This week, I got a new car. No, not like a brand-new car – I am not made of money – but a new-to-me car. And guys, I haven’t had a new (to me) car since Maylie was a toddler and Reagan was on the way and I had no choice but to get something with a backseat that could fit two rear-facing car seats. So, to say I was excited would be an understatement.
Look, this Mama has been more than fine without a car payment, but I had been so frustrated with limiting the number of kiddos I could take to – well, anywhere. On any given weekend, we are hitting football games, church, parks – whatever the adventure is. And, let’s be honest, there is never a shortness of kids hanging around my house who want to join us. Plus, my girls always want to bring a friend.
That always posed a problem; I only have three seats in my back seat, and most of these babies are not old enough to sit in the front yet. I needed a bigger vehicle.
I mean, that was the main reason, but not the only one. Who doesn’t want a back-up camera, heated seats and – oh yeah – a DVD player for longer trips to entertain the girls? I know most people probably have all of these nowadays but for those of us who don’t (or didn’t), they are a big deal!
So, when a vehicle came up in the right price range and checked off all of the boxes, I was pumped. After looking at the car, driving it and falling in love, I could not wait to tell my babies about it.
What happened next surprised me.
Reagan was distraught. Absolutely in no way, shape or form was she giving up my car. It was not happening. Guys, I have written about my mom ride before – it is nothing great and clearly always a disaster. But, this poor babe told me that she named my car so it was family now and we absolutely could not get rid of it.
With tears in her eyes, Reagan advised me that she would give me all of her money if we could just keep it. Even after I explained that we could have friends join us more often, watch movies in the back and they had their very own sunroof, she was still willing to give me every penny in her piggy bank to keep it around.
Talk about a gut punch. Here I was super excited and trying to do something better for us and all my sweet girl wanted was nothing to change.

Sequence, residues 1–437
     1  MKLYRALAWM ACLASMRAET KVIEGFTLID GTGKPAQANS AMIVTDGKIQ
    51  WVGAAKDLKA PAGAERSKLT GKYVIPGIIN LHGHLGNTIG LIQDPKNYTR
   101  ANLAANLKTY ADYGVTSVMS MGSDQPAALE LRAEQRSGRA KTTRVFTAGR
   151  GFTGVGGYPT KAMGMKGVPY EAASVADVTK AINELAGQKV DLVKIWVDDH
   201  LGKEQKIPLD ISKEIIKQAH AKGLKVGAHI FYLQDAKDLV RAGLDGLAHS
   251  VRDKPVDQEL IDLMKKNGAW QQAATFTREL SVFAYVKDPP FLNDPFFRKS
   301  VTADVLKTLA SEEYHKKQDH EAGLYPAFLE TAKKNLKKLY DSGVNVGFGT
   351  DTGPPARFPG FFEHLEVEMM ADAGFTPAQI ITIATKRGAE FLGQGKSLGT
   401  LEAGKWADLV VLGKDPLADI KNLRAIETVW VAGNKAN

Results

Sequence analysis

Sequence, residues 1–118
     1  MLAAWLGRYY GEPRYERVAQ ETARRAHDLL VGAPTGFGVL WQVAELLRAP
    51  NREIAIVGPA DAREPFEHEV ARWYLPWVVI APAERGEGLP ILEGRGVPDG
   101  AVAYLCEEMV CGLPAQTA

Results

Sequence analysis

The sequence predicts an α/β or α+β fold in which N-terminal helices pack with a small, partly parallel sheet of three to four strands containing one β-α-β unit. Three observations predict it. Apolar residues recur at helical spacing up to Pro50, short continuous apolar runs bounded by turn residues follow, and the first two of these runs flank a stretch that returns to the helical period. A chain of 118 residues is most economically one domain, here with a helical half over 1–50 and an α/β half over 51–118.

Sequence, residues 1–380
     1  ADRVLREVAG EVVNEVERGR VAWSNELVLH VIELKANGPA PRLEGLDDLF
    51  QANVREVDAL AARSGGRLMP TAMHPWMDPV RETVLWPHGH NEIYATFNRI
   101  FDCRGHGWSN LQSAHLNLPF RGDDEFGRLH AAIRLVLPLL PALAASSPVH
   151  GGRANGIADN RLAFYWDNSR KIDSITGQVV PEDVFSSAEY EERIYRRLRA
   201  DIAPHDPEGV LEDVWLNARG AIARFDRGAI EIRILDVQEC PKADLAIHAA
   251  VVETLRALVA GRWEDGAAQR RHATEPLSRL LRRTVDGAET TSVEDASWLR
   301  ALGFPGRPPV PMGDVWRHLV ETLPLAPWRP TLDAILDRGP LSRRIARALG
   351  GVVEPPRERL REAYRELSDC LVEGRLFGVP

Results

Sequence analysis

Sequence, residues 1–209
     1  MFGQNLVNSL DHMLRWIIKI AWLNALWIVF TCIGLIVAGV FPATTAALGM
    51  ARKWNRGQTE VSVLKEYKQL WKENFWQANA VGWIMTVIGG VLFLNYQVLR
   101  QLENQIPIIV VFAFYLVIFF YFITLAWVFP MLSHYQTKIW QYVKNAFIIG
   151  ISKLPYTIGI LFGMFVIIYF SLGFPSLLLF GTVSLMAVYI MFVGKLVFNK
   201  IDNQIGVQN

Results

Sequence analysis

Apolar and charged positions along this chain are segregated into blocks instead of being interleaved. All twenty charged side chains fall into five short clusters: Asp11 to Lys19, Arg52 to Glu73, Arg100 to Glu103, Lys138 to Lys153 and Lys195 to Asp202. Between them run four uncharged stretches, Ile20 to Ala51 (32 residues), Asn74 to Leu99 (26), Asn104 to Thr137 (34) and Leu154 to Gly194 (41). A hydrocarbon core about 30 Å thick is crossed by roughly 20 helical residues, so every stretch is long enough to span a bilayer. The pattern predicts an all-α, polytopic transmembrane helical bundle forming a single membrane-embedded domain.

On the other hand, Maylie was ecstatic about a new car – a fresh beginning with all the fun gadgets that came along with it. She was giddy and could not wait for the change.
And my babies portrayed the exact depiction of change and all its variances over a vehicle. While it was a big adult and financial decision, I was shocked at the different reactions that my girls had over changing cars.
That’s the thing about change – it can be so many different things. Change can be hard, yet it can be beautiful. Change could be exciting, but it could be scary. Change may be sought after, although it also may not be wanted. Change usually means letting go in sadness or grabbing on to the difference in delight.
But the one thing is for sure, whether or not it is that eventually you have to upgrade your ride, change is inevitable. It is a part of life and will, as long as we are breathing, be something we have to manage through. Sometimes, our thoughts on change will align with Maylie and mine — excitement and optimism, and sometimes it looks like Reagan’s and leaving behind a carload of memories. Regardless, it is going to happen.
So, I took Reagan to look at the car with me – again explaining all the benefits of the new vehicle. We compromised on taking her favorite sticker off of my old car window and placing it on the new one’s window (I mean, may as well start the mom mobile, right?). Then, together, we said our goodbyes to my old car.
Guys, I am telling you that I never in a million years dreamed that this would be part of parenting, but I am completely open to the idea of dealing with the thoughts and feelings of my kids in whatever means that may be.
So yes, I may have talked to my old car this week to work through changes with my 6-year-old, but look out, because for the next 3-5 days I have a new ride that hasn’t yet been destroyed by said child. And I have a feeling that we will all grow into loving our new change.
Sarah (Pitson) Shrader was born and raised in Lima. She is a Lima Central Catholic and Tiffin University graduate. Sarah is a full-time working mama who enjoys writing about her somewhat crazy, always adventurous life as a mother. She lives in Bath Township with her daughters and writing inspirations, Maylie and Reagan.